Taboo Sibling Incest / Sibling Sexual Abuse (non-consensual)

Sibling Incest is also known as Sibling Sexual Abuse and is a form of non-consensual intrafamilial sexual abuse.  Intrafamilial sexual abuse is another term used to describe incest or child sexual abuse that occurs within the family.  According to the WHO (World Health Organization), Incest/intrafamilial abuse accounts for about one third of all child sexual abuse cases.
Sibling sex abuse is now recognized as the most common form of intrafamilial sexual abuse.
In times of great sorrow people tend to go to the comfort of family and friends. But what do you do if the source of your sorrow is a life changing event that is considered taboo? What if this life changing event is sexual abuse committed by an aggressor in our own immediate family? How do we relate to our family, friends, and others when the topic is considered “forbidden”?  Do you risk telling anyone?  Sibling Sexual Abuse is an unfortunate truth that is many times ignored and/or not discussed since most people avoid this taboo like a skeleton(s) in the closet. However, people still pretend and choose to avoid dealing with the looming big issue.
skeletons-in-closet“Skeletons in the closet” is an idiom used to describe an undisclosed fact about someone which, if revealed, would have a negative impact on that person.
I remember, at 13, the first time I learned the meaning of the word “taboo”. The definition in the dictionary gave a few examples of what taboo is and of course incest was listed. The small voice inside me agreed “yes … this happened to me but I can’t talk about it … now what?”  13 is when the nightmares started and flashbacks were almost a constant companion.  My eyes opened and my reality altered. This whole facade of my “hero” “brother” came crashing in. I was able for the first time to see what he did to me was sexual abuse.  I remember looking up the word incest in the dictionary numerous times because I realized that this definition fit me and the “brother” I loved so much, and I now felt hatred.  The paradox of loving and hating the same person at the same time began.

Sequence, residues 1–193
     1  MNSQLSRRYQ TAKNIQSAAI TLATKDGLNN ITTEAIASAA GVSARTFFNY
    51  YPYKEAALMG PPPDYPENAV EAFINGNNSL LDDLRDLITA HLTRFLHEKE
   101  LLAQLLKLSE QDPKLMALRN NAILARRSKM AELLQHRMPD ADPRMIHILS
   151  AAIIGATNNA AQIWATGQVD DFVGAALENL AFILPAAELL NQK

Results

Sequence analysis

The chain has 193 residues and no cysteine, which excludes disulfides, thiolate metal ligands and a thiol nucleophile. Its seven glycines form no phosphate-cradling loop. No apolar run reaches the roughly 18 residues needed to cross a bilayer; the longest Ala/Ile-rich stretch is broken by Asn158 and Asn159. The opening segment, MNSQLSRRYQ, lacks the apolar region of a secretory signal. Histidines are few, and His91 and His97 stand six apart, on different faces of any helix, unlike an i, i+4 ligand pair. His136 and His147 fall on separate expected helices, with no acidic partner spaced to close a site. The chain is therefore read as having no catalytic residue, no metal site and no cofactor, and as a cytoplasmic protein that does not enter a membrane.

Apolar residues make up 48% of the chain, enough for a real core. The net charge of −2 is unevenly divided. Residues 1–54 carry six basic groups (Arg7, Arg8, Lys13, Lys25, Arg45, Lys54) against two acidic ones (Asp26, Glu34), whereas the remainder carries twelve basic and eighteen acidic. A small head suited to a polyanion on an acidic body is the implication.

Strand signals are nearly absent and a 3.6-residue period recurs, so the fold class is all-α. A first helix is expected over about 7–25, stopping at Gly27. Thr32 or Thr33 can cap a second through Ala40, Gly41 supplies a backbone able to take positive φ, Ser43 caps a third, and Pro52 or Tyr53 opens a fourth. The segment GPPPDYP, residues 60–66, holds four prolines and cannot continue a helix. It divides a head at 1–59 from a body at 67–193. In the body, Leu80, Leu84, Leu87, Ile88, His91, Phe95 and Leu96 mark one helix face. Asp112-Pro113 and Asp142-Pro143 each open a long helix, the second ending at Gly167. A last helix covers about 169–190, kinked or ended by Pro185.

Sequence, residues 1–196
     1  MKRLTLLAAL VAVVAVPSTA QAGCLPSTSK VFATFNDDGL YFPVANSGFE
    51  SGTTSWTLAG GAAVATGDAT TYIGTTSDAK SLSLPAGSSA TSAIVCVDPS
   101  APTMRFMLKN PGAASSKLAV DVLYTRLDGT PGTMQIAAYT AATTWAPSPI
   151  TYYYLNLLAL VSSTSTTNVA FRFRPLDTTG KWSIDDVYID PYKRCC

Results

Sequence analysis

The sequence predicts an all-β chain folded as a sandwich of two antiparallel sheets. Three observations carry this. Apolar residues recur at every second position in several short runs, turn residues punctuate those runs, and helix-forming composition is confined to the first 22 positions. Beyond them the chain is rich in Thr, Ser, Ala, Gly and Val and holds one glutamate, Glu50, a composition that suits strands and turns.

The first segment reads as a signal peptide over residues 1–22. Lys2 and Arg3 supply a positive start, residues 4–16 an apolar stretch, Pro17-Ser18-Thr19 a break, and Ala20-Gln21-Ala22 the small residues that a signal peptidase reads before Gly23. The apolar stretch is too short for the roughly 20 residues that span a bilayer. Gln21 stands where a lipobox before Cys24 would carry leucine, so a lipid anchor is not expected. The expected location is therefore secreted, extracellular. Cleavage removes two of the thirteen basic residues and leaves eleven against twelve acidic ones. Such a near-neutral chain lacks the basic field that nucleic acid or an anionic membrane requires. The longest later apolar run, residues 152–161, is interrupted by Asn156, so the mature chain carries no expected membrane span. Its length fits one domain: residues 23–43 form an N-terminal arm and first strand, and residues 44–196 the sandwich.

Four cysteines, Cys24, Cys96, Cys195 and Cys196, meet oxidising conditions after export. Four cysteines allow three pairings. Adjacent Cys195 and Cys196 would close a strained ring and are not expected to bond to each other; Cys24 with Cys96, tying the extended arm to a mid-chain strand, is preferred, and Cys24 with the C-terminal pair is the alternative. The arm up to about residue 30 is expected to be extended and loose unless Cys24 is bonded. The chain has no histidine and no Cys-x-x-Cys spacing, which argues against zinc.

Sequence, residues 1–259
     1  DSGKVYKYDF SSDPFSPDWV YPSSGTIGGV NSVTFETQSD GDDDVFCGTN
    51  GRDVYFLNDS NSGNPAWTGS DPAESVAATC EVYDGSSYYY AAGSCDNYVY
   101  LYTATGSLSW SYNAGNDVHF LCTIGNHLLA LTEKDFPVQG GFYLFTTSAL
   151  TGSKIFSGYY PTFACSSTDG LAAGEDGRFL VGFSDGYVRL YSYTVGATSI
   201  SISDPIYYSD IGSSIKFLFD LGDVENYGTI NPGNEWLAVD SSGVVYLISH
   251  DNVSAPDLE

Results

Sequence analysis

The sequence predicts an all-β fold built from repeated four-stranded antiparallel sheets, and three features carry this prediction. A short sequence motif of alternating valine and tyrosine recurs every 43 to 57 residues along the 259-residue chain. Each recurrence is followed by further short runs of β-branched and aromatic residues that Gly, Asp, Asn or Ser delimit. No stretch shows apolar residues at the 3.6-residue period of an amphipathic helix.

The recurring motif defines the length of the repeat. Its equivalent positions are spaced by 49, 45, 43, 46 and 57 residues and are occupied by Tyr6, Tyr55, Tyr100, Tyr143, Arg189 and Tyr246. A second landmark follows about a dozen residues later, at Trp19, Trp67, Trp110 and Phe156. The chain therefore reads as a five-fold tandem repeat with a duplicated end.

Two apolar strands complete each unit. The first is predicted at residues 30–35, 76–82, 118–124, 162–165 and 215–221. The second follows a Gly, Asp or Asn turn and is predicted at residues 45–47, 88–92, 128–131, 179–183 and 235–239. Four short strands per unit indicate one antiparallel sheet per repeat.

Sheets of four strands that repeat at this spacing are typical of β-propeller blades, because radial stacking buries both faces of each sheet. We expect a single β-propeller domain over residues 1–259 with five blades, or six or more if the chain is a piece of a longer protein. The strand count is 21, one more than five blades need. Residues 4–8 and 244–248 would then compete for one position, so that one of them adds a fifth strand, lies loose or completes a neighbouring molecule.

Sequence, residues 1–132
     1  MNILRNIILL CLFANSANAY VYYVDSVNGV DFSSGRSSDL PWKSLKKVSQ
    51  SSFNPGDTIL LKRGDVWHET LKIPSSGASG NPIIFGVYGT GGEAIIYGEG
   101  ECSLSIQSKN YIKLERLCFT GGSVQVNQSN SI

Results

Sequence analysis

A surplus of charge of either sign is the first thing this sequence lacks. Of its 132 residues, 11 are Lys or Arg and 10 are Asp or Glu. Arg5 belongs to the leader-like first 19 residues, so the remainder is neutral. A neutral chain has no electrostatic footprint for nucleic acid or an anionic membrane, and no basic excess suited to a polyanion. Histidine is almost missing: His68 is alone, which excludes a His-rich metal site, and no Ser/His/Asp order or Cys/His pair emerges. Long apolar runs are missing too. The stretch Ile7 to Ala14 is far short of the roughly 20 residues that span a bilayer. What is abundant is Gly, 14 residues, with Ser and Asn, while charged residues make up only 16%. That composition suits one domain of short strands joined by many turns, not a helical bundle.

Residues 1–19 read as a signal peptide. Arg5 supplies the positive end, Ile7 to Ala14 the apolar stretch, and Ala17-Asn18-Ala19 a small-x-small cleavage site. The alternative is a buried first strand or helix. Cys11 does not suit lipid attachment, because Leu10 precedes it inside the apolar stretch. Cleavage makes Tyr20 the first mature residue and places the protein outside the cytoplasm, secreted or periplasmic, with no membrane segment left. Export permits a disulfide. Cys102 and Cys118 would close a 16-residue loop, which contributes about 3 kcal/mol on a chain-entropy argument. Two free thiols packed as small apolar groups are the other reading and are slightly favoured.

crime_victimTaboo signifies that a truth or something is forbidden, perverse, unclean, or cursed.   A topic so taboo tends to leave the survivor of sibling sexual abuse many times without a voice. 
Incest is frequently referred to as taboo however; incest can refer to consensual and non-consensual sex acts between close blood relations. Sibling sexual abuse is a term sometimes referred to as sibling incest, but for the purpose of this blog, both terms are referring to non-consensual Intrafamilial sexual violence. Non-consensual sibling incest is the result (not the cause) of family dysfunction with the parent’s failure to pay attention to the trust that they have placed in one of their children over another child, such as, baby-sitting. My own family had troubles way before either of my brothers started “grooming” me.